If you want to make an iconic science fiction film, go big. Just look at the masters. Stanley Kubrick reimagined space travel in 2001: A Space Odyssey (1968) with more than 200 pioneering special effects. James Cameron poured 10 years into Avatar (2009), spending $237 million before any promotion—the 12th most expensive film ever. And then there’s Steven Spielberg, a man who considers alien invasions as routine as rising action. It’s just the way the genre works.
Not so in Arrival.
Made for less than $50 million, Arrival chooses intimacy over excess. Where other films zoom out, Arrival zooms in, keeping its focus squarely on a few key characters. On the whole, it’s the right choice, a decision that makes the film more memorable, more important and more successful. But with this intimacy comes a few problems, some bigger than others.
TheCroakingFrog says: See It
What Hopped: beautiful depiction of language, intimacy over excess, soft-focus cinematography
What Croaked: two-dimensional male lead, an avalanche of good—but distracting—questions brought on by the final reveal
See It Now: see ASAP
See It: see if you have time
Skip It: see at your own risk
Forget It: avoid at all costs
*Spoilers from this point forward*
To his credit, director Denis Villeneuve makes his intentions clear from the start. We see some sort of breaking news event—and a throng of students crowding around TVs—but Professor Louise Banks (Amy Adams) barely notices. The camera’s focus softens, the buzz from the crowd fading to the background, as Banks continues her deliberate, sleepwalk-like trudge to class. Is Banks depressed? Absent-minded? A cup of coffee behind schedule?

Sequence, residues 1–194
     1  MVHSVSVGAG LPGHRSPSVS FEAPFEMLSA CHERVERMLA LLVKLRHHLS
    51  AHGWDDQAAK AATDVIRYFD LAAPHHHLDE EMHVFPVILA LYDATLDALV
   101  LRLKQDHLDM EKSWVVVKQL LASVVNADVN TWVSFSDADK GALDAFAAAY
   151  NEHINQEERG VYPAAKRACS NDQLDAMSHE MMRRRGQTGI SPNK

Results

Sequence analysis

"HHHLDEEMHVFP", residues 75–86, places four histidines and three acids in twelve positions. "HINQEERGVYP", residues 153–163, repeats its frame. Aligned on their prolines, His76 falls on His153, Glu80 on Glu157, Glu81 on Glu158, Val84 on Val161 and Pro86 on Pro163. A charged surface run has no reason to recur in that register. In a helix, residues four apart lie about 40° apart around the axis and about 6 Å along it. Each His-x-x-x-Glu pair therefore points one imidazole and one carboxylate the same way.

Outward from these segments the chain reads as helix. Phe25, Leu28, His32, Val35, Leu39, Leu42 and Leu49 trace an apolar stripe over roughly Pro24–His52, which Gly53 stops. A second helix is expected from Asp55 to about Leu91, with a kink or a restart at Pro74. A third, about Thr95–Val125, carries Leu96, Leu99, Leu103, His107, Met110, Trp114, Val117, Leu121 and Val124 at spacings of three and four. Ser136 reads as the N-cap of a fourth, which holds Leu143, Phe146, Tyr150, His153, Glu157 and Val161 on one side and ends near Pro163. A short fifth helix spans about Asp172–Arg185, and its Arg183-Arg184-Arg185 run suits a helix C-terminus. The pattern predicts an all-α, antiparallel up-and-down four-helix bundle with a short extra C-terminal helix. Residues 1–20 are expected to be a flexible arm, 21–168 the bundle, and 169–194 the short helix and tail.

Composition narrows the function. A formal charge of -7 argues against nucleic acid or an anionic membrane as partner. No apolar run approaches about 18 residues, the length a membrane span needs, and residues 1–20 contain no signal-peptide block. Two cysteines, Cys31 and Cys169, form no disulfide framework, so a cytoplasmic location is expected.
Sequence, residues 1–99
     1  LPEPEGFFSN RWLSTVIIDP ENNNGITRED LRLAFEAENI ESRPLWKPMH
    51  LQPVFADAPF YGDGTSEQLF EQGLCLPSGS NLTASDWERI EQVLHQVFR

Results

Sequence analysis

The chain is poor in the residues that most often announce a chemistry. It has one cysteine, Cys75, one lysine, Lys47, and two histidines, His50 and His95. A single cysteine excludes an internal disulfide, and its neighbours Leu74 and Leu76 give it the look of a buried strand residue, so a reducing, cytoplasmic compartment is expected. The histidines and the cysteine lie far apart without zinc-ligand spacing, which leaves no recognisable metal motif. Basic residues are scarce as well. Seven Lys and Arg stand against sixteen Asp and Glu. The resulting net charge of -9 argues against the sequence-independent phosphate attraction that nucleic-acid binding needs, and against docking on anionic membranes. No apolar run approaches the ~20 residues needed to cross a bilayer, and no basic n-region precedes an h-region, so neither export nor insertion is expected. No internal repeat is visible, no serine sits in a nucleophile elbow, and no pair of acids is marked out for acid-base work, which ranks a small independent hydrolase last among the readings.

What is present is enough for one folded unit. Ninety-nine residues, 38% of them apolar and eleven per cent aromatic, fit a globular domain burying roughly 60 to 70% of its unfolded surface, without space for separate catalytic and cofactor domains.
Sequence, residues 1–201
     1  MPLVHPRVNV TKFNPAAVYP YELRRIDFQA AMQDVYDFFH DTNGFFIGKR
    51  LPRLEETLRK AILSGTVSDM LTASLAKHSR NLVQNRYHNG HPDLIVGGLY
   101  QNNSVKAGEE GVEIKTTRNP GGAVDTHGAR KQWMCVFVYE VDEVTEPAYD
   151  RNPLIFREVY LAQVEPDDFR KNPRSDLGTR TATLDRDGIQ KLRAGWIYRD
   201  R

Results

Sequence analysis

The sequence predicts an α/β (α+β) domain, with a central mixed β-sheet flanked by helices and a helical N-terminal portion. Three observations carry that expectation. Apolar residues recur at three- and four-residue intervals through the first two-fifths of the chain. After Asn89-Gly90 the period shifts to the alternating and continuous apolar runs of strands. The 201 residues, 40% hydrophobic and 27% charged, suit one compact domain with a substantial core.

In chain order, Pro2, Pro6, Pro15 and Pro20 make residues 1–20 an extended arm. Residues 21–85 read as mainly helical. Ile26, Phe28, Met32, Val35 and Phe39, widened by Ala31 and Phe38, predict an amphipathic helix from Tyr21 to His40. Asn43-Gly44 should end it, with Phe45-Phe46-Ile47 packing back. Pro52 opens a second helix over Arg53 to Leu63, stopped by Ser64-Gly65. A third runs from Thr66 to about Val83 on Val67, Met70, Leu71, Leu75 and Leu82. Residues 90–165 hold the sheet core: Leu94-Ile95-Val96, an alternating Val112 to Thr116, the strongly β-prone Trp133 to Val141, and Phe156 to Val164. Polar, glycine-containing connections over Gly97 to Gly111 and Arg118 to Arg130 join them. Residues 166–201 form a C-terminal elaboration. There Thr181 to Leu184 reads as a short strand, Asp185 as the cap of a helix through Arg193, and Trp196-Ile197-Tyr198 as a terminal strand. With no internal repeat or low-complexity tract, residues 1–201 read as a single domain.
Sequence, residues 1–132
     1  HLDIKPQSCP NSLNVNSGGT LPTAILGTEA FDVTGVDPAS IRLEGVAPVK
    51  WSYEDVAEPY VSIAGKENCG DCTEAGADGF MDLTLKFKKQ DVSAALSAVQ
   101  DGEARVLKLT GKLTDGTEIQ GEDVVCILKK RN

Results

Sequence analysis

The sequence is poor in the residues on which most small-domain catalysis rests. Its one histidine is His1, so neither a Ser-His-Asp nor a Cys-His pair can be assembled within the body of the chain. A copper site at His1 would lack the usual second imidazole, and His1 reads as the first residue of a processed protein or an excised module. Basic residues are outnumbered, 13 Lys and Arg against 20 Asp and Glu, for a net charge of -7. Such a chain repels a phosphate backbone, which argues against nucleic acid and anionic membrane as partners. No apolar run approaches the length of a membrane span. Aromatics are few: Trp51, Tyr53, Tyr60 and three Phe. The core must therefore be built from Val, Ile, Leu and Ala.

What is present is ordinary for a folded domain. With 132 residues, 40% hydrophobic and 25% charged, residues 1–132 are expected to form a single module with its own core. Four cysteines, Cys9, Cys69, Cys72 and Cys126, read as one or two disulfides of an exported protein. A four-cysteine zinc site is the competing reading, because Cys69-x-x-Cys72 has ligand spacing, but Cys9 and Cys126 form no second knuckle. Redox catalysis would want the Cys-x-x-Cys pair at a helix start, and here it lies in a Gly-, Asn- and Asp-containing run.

Regardless, Villeneuve has signaled where the camera will live. For the next two hours, we’ll be observing the world two feet behind Banks’ shoulder, not 10,000 feet up in the air. The effect is immediate, arresting and confident: the mark of a skilled filmmaker.
It’s no surprise seeing this sort of visual choice from Villeneuve, the man who directed 2015’s Sicario, a gorgeous, cinematically breathtaking film. There, as in Arrival, the director anchors most shots in the eyes of his female protagonist, a formula that brings a human closeness to each and every discovery.
What’s more, Sicario’s Kate Macer (Emily Blunt) and Arrival’s Banks share a similar cocktail of personality traits: raw smarts, self-doubt, a thirst for understanding why. Forget the kick-ass Xena warrior princess or lifeless “manic pixie dream girl.” Villeneuve’s women are better than these tropes, fully formed, intriguing in character and complicated in motive.
If only the same could be said of Arrival’s other lead. Jeremy Renner plays Ian Donnelly, a theoretical physicist tasked with understanding the aliens’ technology. In a paint-by-numbers intro, he rattles off a list of physics questions for the extra terrestrials. “How did they get here? What is their spacecraft made from? Are they capable of faster-than-light travel?” Banks’ response: “How about we just try to talk to them first?”* Zing! It turns out Donnelly isn’t here to challenge our assumptions about the natural world or help us consider alternative perspectives. He’s a plot device, a sounding board, the dialogue equivalent of a “yin” to Banks’ “yang.”
I’ll admit I braced myself for an hour of linguist-v-physicist arguments, complete with banging on desks and waving of hands. “But we need to know how they move, dammit, not just what they’re saying!!” In fact, we get little more of anything. Renner’s Donnelly fades rapidly, devolving from friendly adversary to dutiful sidekick, from mild-mannered encourager to Ken Doll love interest. It’s bizarro Hollywood: a three-dimensional woman next to a flat, forgettable man. I guess it’s better than the all-too-common reverse.
In my mind, this imbalance comes as a consequence of the film’s intimacy. We’re so focused on Banks—her memories, her fears, her bewilderment—we simply don’t have time to draw out Donnelly as a fully realized foil. To be clear, I don’t think Renner makes the movie any worse. He just doesn’t make it better.